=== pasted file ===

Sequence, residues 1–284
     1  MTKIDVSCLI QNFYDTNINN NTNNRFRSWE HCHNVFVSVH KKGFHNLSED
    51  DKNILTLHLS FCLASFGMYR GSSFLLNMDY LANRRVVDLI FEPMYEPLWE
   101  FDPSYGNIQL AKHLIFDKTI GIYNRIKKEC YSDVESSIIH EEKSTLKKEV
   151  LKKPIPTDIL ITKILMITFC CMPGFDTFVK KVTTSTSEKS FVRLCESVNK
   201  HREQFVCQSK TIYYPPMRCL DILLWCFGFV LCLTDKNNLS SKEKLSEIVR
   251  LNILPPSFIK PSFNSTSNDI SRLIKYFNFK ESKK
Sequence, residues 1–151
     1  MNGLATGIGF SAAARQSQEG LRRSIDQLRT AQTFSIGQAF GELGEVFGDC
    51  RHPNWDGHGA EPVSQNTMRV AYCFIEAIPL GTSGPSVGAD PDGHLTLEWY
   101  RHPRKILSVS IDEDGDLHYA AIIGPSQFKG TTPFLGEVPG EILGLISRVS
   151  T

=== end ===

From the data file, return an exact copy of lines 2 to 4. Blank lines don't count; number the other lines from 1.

     1  MTKIDVSCLI QNFYDTNINN NTNNRFRSWE HCHNVFVSVH KKGFHNLSED
    51  DKNILTLHLS FCLASFGMYR GSSFLLNMDY LANRRVVDLI FEPMYEPLWE
   101  FDPSYGNIQL AKHLIFDKTI GIYNRIKKEC YSDVESSIIH EEKSTLKKEV